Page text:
A new version of HDMI is here.

Most devices today use HDMI version 2.0, but the HDMI Forum, which is the governing organisation that sets specifications for HDMI cables, announced and just released version 2.1. It brings some major changes, including support for resolutions up to 10K and new cables.

Here's what you need to know.

HDMI stands for High Definition Multimedia Interface. It's a standard for connecting high-definition video devices. In other words, it is the primary audio/video connection for TVs, Blu-ray players, game consoles, set-top boxes - you name it. It allows both video and audio to pipe through one cable, without any degradation, and it allows digital encryption. For most of 2017, HDMI 2.0 was the latest version of HDMI.

HDMI 2.1, announced at CES 2017 in Las Vegas, is an update to HDMI 2.0. It is fully backward compatible with current HDMI devices. With HDMI 2.1, you'll get improved bandwidth from 18Gbps (HDMI 2.0) to 48Gbps (HDMI 2.1) and new video outputs including 4K video at 120Hz and 8K video at 60Hz. You'll also get support for Dynamic HDR, video resolutions at 10K, and frame rates up to 120fps.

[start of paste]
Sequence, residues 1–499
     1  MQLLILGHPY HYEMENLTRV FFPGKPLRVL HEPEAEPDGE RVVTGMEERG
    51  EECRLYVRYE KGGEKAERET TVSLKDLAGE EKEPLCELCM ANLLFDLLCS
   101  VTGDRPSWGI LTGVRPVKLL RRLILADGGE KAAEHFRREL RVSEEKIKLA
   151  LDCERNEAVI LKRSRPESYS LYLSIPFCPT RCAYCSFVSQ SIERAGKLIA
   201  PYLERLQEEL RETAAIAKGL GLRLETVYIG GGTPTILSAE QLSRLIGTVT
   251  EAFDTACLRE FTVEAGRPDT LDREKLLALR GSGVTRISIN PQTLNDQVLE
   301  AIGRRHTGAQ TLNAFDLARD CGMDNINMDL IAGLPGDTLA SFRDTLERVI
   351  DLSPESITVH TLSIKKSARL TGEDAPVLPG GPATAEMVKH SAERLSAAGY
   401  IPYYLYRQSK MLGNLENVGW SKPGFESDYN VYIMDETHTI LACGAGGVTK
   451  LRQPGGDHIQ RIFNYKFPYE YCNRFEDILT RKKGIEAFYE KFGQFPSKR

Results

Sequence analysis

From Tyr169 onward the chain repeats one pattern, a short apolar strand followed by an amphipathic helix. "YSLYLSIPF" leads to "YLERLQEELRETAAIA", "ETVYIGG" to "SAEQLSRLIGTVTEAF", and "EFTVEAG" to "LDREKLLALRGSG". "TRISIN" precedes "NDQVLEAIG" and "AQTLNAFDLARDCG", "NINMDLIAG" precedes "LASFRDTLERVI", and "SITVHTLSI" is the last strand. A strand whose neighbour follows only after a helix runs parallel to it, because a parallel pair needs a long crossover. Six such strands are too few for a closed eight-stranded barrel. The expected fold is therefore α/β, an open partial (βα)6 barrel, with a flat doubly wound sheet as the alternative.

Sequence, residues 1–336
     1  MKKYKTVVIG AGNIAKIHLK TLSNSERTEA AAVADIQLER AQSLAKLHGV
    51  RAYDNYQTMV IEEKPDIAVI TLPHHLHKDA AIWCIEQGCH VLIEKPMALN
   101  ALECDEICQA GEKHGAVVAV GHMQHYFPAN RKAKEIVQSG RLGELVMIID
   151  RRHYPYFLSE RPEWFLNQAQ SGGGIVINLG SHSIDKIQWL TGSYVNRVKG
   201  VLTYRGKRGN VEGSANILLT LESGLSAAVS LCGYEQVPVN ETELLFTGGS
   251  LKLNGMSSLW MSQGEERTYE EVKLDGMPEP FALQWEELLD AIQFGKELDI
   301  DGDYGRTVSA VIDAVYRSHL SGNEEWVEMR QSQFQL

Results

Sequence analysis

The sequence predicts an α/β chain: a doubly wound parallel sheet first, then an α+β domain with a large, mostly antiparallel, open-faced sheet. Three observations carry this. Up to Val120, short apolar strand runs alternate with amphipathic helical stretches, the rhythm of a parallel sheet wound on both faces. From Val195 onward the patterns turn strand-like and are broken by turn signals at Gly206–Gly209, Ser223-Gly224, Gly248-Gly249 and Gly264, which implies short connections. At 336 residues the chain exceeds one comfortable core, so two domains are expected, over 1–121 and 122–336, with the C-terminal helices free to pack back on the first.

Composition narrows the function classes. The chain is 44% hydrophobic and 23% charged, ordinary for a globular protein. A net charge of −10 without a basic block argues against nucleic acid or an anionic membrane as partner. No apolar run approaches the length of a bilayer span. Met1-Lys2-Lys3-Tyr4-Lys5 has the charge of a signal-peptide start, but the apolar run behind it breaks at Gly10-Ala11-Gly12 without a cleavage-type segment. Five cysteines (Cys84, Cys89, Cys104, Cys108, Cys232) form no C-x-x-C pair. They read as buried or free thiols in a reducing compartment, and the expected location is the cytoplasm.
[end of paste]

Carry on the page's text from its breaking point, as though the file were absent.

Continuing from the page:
You'll need new HDMI 2.1 cables to get those higher resolutions and/or frame rates. But the new cables will look the same as HDMI 2.0 ones, and there's no new connector required (what you plug the cable into).

The HDMI Forum has officially released (PDF) HDMI 2.1 It's been finalized and released so companies can integrate it into their devices.

According to a couple of reports, the first HDMI 2.1 cable is already available: a Belkin cable, currently priced at $29.95. The trick, apparently, is to look for cables marked "Ultra High Speed HDMI". We haven't been able to confirm this yet. We're contacting Belkin for more.